All pay television channels are likely to gradually turn into free-to-air broadcasters once conditional access system (CAS) is implemented, according to Information & Broadcasting Minister Sushma Swaraj. And, when pay channels become free-to-air, there won’t be any need for CAS any longer, said the minister. Significantly, this is for the first time that the minister is on record on the transition of channels, from pay to free-to-air regime.
On whether there were any plans to make the Indian TV broadcasting market either subscription-based or advertising-based, Ms Swaraj said so far there was no such move. There are some countries, which follow one-source revenue model, though.
The fact that Star India recently cut its cable subscription rates for its bouquet of channels, is an indicator that gradually pay channels will opt for only ad-based revenue model, the minister said. Although Star’s rate cuts had riders attached, it sent out a signal to the industry.
Ultimately, broadcasters will want credibility, viewership and revenues, which will be possible only if pay channels turn free-to-air under CAS, the minister said. Under CAS, viewers will have access to pay channels only through set-top box, and will be able to watch the channels of their choice and pay for only them. For free-to-air channels, however, viewers don’t need set-top box. Also, a monthly fee will be fixed by the government, most likely at a sub-Rs 100 level, for around 25 to 30 free-to-air channels.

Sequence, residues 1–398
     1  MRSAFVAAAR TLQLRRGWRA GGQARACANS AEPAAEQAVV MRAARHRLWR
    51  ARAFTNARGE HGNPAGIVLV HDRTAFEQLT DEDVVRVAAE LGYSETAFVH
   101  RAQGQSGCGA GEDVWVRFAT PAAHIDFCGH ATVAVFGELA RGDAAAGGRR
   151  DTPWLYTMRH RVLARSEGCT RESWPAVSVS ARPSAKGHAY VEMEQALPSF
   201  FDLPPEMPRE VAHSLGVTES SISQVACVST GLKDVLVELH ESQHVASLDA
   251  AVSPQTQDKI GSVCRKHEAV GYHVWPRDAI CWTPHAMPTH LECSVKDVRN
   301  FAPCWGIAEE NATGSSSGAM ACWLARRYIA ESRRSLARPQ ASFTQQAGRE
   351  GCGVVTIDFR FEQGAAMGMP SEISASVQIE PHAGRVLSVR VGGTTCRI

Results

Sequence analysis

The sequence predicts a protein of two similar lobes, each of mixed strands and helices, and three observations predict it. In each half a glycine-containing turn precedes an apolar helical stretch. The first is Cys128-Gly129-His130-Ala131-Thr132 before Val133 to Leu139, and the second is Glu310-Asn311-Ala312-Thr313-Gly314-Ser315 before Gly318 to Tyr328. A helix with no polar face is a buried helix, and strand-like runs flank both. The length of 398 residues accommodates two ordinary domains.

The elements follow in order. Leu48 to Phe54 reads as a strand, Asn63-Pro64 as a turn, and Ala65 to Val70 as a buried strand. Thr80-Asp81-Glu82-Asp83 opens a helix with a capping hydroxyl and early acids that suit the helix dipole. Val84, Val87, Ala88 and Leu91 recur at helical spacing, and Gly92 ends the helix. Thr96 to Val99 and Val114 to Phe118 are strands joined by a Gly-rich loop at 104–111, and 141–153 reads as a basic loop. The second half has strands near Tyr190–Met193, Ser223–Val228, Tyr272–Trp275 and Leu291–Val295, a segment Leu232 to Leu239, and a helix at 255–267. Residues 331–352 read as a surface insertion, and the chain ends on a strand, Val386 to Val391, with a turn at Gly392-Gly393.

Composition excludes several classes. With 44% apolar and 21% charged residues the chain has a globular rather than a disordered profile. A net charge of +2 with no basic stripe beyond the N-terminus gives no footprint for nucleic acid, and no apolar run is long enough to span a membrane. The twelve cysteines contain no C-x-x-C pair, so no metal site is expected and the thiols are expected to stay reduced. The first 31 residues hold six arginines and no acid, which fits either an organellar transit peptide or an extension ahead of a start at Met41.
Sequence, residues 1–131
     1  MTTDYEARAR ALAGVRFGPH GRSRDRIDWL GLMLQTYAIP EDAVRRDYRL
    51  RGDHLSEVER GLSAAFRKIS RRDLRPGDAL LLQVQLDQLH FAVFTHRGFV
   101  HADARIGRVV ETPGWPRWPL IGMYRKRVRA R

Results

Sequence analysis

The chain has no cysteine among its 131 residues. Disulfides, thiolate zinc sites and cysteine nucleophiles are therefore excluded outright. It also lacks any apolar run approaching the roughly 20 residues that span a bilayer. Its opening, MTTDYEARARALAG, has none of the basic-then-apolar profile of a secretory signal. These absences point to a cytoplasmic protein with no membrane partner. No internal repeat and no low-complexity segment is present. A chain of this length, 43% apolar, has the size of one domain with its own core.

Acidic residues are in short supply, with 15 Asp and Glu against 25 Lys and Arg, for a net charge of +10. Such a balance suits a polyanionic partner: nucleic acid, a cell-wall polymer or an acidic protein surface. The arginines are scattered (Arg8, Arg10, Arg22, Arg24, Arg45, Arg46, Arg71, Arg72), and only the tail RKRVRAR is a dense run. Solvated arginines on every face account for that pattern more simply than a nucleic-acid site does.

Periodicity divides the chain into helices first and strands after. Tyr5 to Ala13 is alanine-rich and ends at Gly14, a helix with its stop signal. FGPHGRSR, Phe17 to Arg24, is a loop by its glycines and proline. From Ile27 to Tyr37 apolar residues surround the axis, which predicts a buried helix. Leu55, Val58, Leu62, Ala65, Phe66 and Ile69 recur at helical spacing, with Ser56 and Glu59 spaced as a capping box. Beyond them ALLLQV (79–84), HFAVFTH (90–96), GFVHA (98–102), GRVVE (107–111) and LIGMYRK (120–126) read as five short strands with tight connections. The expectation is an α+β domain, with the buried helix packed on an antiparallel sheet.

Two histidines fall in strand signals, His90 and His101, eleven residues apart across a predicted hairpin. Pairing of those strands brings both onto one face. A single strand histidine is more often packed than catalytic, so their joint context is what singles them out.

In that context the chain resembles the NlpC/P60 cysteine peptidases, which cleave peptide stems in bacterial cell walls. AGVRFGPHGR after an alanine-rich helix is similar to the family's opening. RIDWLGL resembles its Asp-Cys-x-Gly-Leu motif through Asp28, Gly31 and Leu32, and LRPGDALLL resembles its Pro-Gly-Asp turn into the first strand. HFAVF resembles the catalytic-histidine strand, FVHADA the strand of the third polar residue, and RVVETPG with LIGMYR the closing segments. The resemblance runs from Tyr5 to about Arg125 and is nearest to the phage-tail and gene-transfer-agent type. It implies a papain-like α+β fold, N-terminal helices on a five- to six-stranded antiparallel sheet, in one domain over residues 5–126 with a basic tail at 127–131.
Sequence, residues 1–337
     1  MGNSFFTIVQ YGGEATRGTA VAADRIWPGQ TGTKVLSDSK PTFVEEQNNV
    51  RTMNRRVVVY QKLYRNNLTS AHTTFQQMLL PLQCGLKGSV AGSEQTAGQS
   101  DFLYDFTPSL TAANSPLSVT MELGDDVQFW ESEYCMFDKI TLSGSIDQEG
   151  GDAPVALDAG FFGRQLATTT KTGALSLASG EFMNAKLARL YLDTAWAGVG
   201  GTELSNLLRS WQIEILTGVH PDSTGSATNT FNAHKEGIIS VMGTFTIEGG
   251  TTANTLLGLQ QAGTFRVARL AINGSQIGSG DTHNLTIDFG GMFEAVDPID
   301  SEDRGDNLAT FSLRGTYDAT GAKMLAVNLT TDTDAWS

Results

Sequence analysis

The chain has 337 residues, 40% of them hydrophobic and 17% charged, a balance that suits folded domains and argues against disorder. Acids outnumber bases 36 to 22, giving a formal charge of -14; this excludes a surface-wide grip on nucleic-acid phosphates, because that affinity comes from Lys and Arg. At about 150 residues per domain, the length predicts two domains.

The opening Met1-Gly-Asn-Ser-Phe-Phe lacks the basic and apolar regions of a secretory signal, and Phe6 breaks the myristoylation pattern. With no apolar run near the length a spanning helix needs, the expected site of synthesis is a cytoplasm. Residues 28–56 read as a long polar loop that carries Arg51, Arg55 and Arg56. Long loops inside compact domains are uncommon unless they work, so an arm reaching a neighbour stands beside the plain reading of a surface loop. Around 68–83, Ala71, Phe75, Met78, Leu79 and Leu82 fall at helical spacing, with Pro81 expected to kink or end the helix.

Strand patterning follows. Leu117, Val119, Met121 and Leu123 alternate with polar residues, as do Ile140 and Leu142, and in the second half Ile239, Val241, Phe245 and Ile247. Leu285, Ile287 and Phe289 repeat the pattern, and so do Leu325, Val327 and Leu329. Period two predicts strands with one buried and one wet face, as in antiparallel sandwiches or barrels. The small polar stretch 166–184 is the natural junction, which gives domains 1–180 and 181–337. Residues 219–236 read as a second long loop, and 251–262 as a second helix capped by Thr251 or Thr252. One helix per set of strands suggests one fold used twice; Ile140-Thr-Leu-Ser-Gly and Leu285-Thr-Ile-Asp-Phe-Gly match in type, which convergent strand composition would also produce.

As CAS is likely to restrict pay channels’ entry into cable homes, it might make sense for broadcasters to opt for only ad revenues. So far, the ratio between ad revenues and subscription revenues in the industry is at around 80:20. Overall, revenues in the Indian television industry stand at around Rs 5,000 crore.
But, as a recent research points out, even if all channels go free-to-air, there will still be a limitation on how many one can watch. For, under CAS, there will be a cap on the number of free-to-air channels.